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Stacey Feintuch

Stacey Feintuch is a Blogger, Freelance Writer, Public Speaker and Young-ish Widow

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woman suffering from a headache due to Low Progesterone Symptoms

Low Progesterone Symptoms

Progesterone is a hormone that regulates many functions in a woman's body. Learn to recognize low progesterone and what you can do about it.

Your Health

Progesterone is a hormone in the body that stimulates and regulates various functions. It's produced in the ovaries, the placenta (when you get pregnant) and the adrenal glands. It helps prepare your body for pregnancy and conception, regulates your menstrual cycle and impacts your libido. If you don't have enough progesterone, you may have difficulty getting or staying pregnant.

Progesterone levels

Progesterone levels fluctuate throughout your menstrual cycle. Your numbers rise each month during the second half of the menstrual cycle, about seven days before your period. That's because one of this hormone's most important functions is to cause the uterine lining to give off special proteins to prepare it for an implanted fertilized egg. If the lining isn't thick enough, implantation won't happen.

If you don't have an implantation, your estrogen and progesterone levels drop. Your uterine lining breaks down, and you get your period.

If you do have an implantation and get pregnant, progesterone is produced in the placenta and the levels remain high during pregnancy. Levels are even higher if you're having more than one baby.

The combination of high estrogen and progesterone levels stops ovulation during pregnancy. Progesterone also promotes the growth of milk-producing glands in the breast during pregnancy.

“Normal” progesterone levels depend on a person's age and gender. For women and people assigned female at birth, factors also include where you are in your menstrual cycle and whether you’re pregnant.

Low progesterone causes

Low progesterone levels may be caused by:

  • Possible miscarriage
  • Ovulation or ovary problems
  • Menopause

Low progesterone symptoms

If you are not pregnant, some symptoms of low progesterone include:

  • Low libido
  • Hot flashes
  • Migraine or headache attack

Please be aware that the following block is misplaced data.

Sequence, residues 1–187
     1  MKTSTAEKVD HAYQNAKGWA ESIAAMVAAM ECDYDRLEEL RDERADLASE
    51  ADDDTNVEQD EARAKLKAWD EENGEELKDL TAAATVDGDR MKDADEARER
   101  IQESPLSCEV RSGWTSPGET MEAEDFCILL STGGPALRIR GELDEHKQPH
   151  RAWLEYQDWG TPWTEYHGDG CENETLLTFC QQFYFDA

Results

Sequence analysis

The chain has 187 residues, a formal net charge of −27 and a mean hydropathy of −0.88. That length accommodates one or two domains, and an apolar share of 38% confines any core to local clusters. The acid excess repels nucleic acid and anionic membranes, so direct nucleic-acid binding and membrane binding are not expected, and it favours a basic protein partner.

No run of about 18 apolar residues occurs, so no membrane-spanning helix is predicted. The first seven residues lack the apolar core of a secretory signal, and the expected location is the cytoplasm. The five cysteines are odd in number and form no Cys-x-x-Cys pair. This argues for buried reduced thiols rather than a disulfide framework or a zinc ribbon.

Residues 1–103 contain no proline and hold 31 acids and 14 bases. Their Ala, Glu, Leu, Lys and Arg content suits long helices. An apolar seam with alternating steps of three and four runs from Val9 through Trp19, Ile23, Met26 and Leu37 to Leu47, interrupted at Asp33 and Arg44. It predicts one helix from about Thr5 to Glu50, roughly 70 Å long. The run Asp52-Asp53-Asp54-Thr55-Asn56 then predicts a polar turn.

• Depression, anxiety or other mood changes
  • Menstrual cycle irregularity or absence

If you're pregnant, you need progesterone to maintain your uterus until you give birth. If your levels are too low, you may not be able to carry the baby to term.

Some symptoms of low progesterone levels in pregnant women include:

  • Spotting
  • Abdominal pain
  • Frequent low blood sugar
  • Regularly tender breasts
  • Constant fatigue
  • Vaginal dryness

Progesterone and estrogen hormones complement one another. So, when you don't have enough progesterone, estrogen dominates. And that can lead to symptoms such as:

A simple blood test — a PGSN, or progesterone test — can help you find out if your progesterone levels are too low. It can help you figure out why you're having trouble getting pregnant, confirm whether you've ovulated, monitor hormone therapy (formerly called hormone replacement therapy) and assess the status of a high-risk pregnancy.

Read: Clinically Speaking: What You Need to Know About Hormone Therapy >>

Treatment for low progesterone

Several types of treatments can help address low progesterone symptoms. If you're trying to conceive, hormone therapy can help increase progesterone and thicken your uterine lining. That may improve your chances of getting pregnant. If you have severe menopause symptoms, your hormone therapy will likely be a combination of progesterone and estrogen.

Natural remedies to boost low progesterone levels include:

  • Eating more foods with zinc such as shellfish
  • Upping your intake of vitamins B and C, which help maintain progesterone levels
  • Regulating stress levels (cortisol is released when you're very stressed, reducing progesterone levels)

For more information, check out our piece on progesterone.

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